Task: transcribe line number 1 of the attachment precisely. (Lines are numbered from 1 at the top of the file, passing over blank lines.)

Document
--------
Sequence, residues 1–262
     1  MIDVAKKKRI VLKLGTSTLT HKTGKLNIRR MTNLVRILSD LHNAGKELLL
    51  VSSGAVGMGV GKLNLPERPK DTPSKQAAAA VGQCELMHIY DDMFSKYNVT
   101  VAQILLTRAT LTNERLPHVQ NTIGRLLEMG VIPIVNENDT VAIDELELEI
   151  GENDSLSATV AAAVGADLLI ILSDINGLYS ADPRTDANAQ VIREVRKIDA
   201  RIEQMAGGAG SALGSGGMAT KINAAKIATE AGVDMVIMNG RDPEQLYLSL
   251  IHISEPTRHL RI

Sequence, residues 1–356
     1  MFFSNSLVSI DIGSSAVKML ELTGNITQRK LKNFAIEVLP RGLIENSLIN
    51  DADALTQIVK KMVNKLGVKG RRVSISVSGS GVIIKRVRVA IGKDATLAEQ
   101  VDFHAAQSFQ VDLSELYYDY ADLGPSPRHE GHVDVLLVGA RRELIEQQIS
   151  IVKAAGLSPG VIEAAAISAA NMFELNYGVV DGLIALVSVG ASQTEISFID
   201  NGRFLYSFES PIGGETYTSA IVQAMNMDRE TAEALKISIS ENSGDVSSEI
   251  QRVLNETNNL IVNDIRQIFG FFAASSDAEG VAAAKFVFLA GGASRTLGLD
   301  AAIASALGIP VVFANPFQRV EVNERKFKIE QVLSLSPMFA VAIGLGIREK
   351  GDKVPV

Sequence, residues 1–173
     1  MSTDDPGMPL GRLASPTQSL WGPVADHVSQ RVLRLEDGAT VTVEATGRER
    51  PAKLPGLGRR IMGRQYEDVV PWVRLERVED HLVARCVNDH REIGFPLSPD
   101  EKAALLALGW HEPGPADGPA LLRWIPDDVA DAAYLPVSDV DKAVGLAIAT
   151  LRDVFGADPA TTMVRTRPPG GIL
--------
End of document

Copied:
Sequence, residues 1–262